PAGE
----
One notable example is where Giselle rescues Robert from the Queen Narissa after she turns into a dragon. I appreciate fairytale twists straying away from the traditional approaches. In this instance, the princess rescues the male.

Another interesting twist is the ending. Although I didn’t think Nancy was so bad, Robert’s 6-year-old daughter, Morgan, doesn’t really like her. She enjoys Giselle more. So, Giselle ends up marrying Robert and Nancy weds the prince instead. I particularly loved when Nancy’s phone went off in the cartoon fairytale world and she acknowledged how she somehow received signal.

3: Giselle’s development

She starts off as a stereotypical Disney princess who acts very strangely, but grows into a different person when in the real-life world. She learns about dating, how love takes time, and develops feelings for Robert rather than the prince, whom she originally wanted to marry.

And now onto the parts that could have been improved.

1: Robert’s reactions to Giselle’s behavior in his apartment

Giselle does some pretty naughty things in Robert’s apartment, such as make clothes from his curtains, sing to call animals to do the chores, yet end up with bugs, rats, and pigeons, and more. But Robert’s reactions were too casual and relaxed. He would have kicked her out and reported her to law enforcement in real life. However, plot convenience mattered more.

2: Why did Giselle’s hair have to be cut?

When Giselle first appears, her hair flows to the waist and hip area. But when she goes to a ball near the end, it’s mid-back length. Yes, Morgan teaches her about neatness and makeovers. However, I don’t see the significance of Giselle’s haircut and why it needed to happen. I can’t imagine that it would have messed up the storyline had she not cut her locks.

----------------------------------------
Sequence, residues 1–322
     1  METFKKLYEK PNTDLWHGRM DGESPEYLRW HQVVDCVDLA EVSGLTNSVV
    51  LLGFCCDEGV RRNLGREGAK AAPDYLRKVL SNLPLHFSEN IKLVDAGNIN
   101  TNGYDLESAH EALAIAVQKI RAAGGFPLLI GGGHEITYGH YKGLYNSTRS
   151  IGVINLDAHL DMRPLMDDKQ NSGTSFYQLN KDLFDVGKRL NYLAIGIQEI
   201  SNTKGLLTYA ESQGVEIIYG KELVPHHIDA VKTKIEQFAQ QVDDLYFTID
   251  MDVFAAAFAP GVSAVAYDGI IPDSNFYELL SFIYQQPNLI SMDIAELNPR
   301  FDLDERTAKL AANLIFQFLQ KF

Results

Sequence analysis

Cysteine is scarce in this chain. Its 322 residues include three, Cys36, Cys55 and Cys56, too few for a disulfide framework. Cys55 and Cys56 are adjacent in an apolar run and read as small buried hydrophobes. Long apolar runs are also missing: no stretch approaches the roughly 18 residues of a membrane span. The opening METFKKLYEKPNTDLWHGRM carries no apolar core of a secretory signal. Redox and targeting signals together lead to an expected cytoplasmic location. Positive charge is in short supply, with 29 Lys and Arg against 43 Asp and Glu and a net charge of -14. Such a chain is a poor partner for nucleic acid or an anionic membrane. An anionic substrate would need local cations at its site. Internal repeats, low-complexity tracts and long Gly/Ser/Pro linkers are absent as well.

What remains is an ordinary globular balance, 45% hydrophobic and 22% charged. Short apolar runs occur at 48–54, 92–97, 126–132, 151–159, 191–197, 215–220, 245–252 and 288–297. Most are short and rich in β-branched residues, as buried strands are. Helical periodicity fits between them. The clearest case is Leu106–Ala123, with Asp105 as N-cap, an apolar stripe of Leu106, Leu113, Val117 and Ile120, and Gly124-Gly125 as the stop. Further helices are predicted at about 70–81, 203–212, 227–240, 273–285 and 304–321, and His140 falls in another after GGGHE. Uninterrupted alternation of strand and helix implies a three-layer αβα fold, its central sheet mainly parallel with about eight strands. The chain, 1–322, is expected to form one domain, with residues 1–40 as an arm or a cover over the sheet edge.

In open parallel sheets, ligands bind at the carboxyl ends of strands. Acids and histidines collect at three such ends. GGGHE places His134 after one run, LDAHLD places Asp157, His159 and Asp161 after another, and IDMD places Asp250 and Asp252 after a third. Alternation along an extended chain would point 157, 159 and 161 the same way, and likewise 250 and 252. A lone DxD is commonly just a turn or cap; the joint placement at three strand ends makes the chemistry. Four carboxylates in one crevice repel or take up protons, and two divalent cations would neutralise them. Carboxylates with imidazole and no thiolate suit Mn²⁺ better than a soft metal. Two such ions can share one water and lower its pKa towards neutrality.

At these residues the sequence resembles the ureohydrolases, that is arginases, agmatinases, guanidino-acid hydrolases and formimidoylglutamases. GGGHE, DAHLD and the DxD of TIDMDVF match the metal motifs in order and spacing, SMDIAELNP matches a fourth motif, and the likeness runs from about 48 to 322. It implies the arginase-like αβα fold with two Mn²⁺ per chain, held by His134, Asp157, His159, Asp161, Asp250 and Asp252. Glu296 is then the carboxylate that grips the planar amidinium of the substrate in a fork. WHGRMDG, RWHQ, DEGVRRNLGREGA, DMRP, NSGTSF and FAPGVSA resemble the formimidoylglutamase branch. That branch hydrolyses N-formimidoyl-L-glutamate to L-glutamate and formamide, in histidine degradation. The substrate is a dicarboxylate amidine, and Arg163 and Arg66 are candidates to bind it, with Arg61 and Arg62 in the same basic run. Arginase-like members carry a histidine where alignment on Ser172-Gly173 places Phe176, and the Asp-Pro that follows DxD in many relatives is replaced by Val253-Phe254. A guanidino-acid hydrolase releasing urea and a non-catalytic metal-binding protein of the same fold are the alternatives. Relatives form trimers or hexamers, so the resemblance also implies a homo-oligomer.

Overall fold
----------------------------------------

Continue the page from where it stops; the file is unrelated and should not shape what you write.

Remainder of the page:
I hope you enjoyed this critique. I would rate “Enchanted” 4.5 out of 5 stars.

TV show

This is the Suite Evaluation of Zack and Cody

Two twin boys named Zack and Cody live in a hotel with their single (or widowed or divorced) mom. They do fun things together, along with two older girls named London, who is wealthy, and Maddie, who is smart. They make viewers laugh (and maybe cry) throughout their humor, actions, and more.

I used to watch this show on Disney Channel in 8th grade. I enjoyed it very much. There were a lot of funny moments, such as when London learned how to swim and almost kissed her love interest, but accidentally kissed a duck float.

The episode where Zack and Cody cut school and went to the mall because they missed the bus was very clever. They did as much as possible to avoid getting into trouble. But their mom eventually caught them and punished them with losing all their privileges. I especially found it amusing when she punished Cody (I don’t think it applied to Zack) with no reading for fun. For the record, reading for fun is actually good for your brain. Studies even show that kids who read for fun perform better in school. But that’s a different topic.

There was also an episode where London wrote a picture book and read it to a group of little kids. But then she got in trouble for copyright infringement. Law officials even showed up and the children gave up with London. Imagine if this happened to you (and no, it would not be good at all)?

When Zack and Cody started high school, they rehearsed for “High School Musical” and London received the part of Sharpay. The characters wanted Maddie to play her, but she was too kind. I read somewhere that casters thought Ashley Tisdale was too nice to play Sharpay in the actual “High School Musical” movie. What was really clever and silly was when one of the twins (I can’t remember if it was Zack or Cody) was told he looked like Zac Efron, who played Troy in HSM. Then Maddie said, “And I don’t look like Ashley Tisdale?” Lol, Ashley Tisdale played Maddie.

And one major character I would like to mention now is Mr. Moseby. He was great with everyone. He even went onto the sequel “The Suite Life on Deck” with Zack, Cody, London, and a new character, Bailey. Why didn’t Maddie go? I don’t know. I’ve assumed that she couldn’t afford it. But I didn’t watch a lot of “The Suite Life on Deck”.

The show, “The Suite Life of Zack and Cody” no longer airs. I’m not sure if the Sprouse brothers (who played Zack and Cody) still act now. However, I admired their performances as well as the other actors.